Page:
Risky & Reckless Government Spending

by Tony Sagami
By Tony Sagami

Lifetime politicians disgust me.

Washington, D.C., is full of corrupt idiots who do more harm than good … and letting them stay in power for around 30 to 40 or more years is insane.

Prime example: Our national debt reached $31 trillion last month.

U.S. national debt.
Click here to see full-sized image.

 

Yes, $31 TRILLION … which works out to about a quarter of a million dollars per U.S. taxpayer.

No other country on Earth comes close to spending as much money that it doesn’t have.

In fact, no nation in the history of the world has ever accumulated as much debt as the United States. Hell, nobody is even close.

That spend-a-thon has been gaining steam. Over the past fiscal year ending in September, the government added more than $1.136 trillion to our national debt. Yikes!

When President Biden was sworn in on Jan. 20, 2021, the U.S. national debt stood at $27.76 trillion. That's an increase of $2.5 trillion over the past year and an increase of $3.17 trillion during President Biden's tenure.

Sadly, nobody seems to care and acts like the size of our national debt doesn’t matter. Well, I’m here to tell you that debt nonchalance is about to change.

Spendthrift Insanity

The Federal Reserve has been aggressively raising interest rates. There have been four 75 basis-point hikes so far this year, with another expected rate increase in December.

Those higher interest rates make mortgage rates, auto loans, credit card interest, business borrowing and the cost of servicing our national debt dramatically higher. 

How much higher? Just the interest cost of serving our national debt is expected to pass $1 trillion this year! Plus, the carrying cost of our national debt will move from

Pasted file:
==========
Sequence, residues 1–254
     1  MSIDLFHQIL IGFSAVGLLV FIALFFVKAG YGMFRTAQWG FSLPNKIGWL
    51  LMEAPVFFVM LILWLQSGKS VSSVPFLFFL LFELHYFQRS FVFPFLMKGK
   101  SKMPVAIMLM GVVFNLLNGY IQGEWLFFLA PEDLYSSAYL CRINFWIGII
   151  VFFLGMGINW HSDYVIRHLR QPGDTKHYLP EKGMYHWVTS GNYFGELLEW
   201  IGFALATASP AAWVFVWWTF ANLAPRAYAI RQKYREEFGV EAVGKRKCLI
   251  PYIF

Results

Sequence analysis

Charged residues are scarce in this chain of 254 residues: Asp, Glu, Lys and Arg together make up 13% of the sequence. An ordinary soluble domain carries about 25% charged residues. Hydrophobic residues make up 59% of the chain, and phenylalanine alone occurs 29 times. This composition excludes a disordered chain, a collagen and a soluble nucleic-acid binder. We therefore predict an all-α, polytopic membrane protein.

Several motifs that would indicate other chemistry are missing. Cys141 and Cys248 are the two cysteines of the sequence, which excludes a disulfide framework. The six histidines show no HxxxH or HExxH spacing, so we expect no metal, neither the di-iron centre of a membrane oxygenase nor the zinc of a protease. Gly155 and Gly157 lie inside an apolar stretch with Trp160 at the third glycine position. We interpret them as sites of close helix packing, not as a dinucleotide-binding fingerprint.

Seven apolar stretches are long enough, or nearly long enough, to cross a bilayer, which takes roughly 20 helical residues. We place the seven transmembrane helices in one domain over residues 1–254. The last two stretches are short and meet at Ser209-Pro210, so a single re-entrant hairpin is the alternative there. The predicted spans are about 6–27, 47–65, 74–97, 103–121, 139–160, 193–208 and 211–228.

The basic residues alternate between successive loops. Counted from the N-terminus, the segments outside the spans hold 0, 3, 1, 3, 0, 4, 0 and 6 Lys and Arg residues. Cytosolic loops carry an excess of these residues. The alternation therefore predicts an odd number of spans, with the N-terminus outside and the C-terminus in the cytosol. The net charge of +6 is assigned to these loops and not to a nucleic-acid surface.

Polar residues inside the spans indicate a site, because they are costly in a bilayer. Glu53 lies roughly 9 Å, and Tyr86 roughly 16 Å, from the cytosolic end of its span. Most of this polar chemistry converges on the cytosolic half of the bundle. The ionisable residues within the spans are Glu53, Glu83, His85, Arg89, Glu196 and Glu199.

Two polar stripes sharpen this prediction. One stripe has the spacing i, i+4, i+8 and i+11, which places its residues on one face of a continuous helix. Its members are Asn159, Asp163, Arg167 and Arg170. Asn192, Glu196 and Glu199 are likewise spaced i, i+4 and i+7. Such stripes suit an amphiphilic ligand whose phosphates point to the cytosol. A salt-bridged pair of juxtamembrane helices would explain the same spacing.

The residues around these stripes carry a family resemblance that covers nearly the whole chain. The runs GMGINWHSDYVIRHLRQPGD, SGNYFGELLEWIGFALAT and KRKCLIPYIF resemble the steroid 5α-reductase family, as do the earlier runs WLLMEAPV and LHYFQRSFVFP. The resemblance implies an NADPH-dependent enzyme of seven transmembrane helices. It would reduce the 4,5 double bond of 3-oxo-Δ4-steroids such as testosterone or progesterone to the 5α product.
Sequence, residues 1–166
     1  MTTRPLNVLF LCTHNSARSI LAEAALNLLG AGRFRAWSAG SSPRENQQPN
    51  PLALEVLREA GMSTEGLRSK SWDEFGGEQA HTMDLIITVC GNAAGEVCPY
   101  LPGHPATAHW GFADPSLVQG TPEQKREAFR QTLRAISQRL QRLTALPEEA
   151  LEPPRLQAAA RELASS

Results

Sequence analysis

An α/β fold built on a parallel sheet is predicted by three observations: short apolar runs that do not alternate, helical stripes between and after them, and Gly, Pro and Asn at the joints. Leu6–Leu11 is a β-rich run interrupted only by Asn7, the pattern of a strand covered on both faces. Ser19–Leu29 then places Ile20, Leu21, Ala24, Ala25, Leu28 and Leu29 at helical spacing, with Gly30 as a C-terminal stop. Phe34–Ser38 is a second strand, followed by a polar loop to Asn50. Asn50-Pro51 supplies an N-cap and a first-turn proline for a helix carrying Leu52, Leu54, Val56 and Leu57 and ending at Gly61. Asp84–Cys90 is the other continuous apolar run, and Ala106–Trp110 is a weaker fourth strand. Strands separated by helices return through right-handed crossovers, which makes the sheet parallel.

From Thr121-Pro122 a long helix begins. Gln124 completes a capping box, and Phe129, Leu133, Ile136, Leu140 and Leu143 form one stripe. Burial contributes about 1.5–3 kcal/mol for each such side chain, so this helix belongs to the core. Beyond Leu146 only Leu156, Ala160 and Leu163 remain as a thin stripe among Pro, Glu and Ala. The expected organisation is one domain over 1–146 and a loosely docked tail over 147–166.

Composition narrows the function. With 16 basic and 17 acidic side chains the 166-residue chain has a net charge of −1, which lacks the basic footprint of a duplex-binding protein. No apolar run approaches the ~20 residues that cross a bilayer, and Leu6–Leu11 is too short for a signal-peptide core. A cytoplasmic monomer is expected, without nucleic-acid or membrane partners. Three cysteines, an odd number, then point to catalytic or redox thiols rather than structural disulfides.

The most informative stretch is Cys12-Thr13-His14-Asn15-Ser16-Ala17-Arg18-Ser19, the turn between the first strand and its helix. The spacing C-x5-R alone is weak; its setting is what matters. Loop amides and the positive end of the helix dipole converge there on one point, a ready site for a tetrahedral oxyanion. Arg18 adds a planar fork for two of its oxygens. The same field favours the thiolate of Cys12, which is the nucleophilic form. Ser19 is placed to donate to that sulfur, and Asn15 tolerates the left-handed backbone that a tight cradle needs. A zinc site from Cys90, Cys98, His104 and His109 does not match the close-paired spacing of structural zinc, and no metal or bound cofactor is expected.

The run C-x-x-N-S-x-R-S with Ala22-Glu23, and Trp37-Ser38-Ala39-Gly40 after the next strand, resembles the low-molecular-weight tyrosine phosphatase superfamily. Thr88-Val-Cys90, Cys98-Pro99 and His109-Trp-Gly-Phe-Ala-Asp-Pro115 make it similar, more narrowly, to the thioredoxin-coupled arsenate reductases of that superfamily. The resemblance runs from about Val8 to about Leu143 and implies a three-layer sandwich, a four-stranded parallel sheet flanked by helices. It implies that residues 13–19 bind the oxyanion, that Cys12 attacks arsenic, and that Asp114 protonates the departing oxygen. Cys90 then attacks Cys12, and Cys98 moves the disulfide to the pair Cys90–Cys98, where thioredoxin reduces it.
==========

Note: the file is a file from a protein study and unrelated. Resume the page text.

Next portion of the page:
the fifth-largest expense of the U.S. federal budget to as high as number two … only behind Social Security.

Interest payments on U.S. debt.
Click here to see full-sized image.

 

We will be paying more interest than our entire national defense budget. In Q3 of 2022, we spent $736 billion on interest compared to $714 billion for the national defense budget.

By law, the government can only borrow up to $31.4 trillion, and we are closing in fast on that limit. The national debt will hit $31.1 trillion this week and will hit the debt ceiling by January.

When will our unmanageable $31 trillion national debt blow up in our country’s face? Nobody knows, but the dramatic increase in interest rates could push our economy into a painful recession.

Many argue that our economy is already in a recession, but the effect of higher interest rates on our national debt could very well be the straw that breaks our economic back.

Bear markets are always painful, but bear markets during recessions hurt the most. Since 1948, the average bear market declines were:

•   25% during non-recessionary periods.

•   And during recessions, an average decline of 35.9% with a duration of 280 days.

If the economy does fall into a recession, there will be a lot more downside to come. Here is a look at the past seven recessions:

•   1957: down 20% lasting 385 days

•   1980: down 17% lasting 415 days

•   1982: down 24% lasting 330 days

•   2001: down 30% lasting 435 days

•   1970: down 36% lasting 370 days

•   1974: down 45% lasting 480 days

•   2009: down 52% lasting 355 days

I am relieved that the midterm election insanity is behind us, but our country is still controlled by those lifetime politicians who don’t have the guts to put the brakes on runaway government spending.

And that means there will be a recession in the very near future.

So, 2023 is going to be challenging at best and painful at worst. I hope I am wrong, but I don’t think I am.

Either way, I’ll be sure to have a secure plan in place for you to ensure we’ll be able to navigate the choppy waters and safely come out the other side of all this.

Members of my trading service, Disruptors & Dominators, are currently sitting on open gains of 42%, 30% and 52%! Consider joining them now to shore up your future.

All the best,

Tony

About the Contributor

Even in the worst years for stocks, Tony was twice named “Portfolio Manager of the Year” by Thomson Financial. He was one of the first to introduce computer software for trading stocks. And in the early 2000s, he wrote “The Supernet,” providing a vision of the future internet that was far ahead of its time.

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